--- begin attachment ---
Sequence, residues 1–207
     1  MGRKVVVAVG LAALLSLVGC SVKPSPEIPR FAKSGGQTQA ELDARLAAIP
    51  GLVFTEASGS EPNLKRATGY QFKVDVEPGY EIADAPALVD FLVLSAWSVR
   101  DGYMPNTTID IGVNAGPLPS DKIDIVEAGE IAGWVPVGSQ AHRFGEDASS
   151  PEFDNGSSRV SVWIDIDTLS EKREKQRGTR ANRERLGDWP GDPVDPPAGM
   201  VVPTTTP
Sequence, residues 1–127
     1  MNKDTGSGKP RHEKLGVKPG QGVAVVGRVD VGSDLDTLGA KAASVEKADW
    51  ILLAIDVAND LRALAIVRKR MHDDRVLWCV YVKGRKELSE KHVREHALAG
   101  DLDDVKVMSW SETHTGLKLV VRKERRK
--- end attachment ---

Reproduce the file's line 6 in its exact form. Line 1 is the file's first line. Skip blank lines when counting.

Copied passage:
   201  VVPTTTP